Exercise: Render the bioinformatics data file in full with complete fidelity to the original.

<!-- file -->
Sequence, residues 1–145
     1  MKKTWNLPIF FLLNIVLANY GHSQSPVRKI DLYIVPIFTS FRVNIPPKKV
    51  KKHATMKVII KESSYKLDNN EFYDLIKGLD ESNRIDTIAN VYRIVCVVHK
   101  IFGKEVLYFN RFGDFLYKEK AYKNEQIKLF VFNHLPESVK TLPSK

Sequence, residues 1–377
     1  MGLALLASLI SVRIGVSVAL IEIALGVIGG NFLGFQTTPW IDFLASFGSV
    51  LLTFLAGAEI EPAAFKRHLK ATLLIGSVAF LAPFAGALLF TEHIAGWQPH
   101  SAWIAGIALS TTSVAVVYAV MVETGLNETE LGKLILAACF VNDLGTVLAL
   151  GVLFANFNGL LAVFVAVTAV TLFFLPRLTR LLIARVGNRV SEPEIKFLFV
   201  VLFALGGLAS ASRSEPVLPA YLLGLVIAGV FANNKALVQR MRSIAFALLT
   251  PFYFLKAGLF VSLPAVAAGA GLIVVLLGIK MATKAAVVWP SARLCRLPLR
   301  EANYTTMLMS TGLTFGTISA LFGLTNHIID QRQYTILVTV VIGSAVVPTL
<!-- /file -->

Sequence, residues 1–145
     1  MKKTWNLPIF FLLNIVLANY GHSQSPVRKI DLYIVPIFTS FRVNIPPKKV
    51  KKHATMKVII KESSYKLDNN EFYDLIKGLD ESNRIDTIAN VYRIVCVVHK
   101  IFGKEVLYFN RFGDFLYKEK AYKNEQIKLF VFNHLPESVK TLPSK

Sequence, residues 1–377
     1  MGLALLASLI SVRIGVSVAL IEIALGVIGG NFLGFQTTPW IDFLASFGSV
    51  LLTFLAGAEI EPAAFKRHLK ATLLIGSVAF LAPFAGALLF TEHIAGWQPH
   101  SAWIAGIALS TTSVAVVYAV MVETGLNETE LGKLILAACF VNDLGTVLAL
   151  GVLFANFNGL LAVFVAVTAV TLFFLPRLTR LLIARVGNRV SEPEIKFLFV
   201  VLFALGGLAS ASRSEPVLPA YLLGLVIAGV FANNKALVQR MRSIAFALLT
   251  PFYFLKAGLF VSLPAVAAGA GLIVVLLGIK MATKAAVVWP SARLCRLPLR
   301  EANYTTMLMS TGLTFGTISA LFGLTNHIID QRQYTILVTV VIGSAVVPTL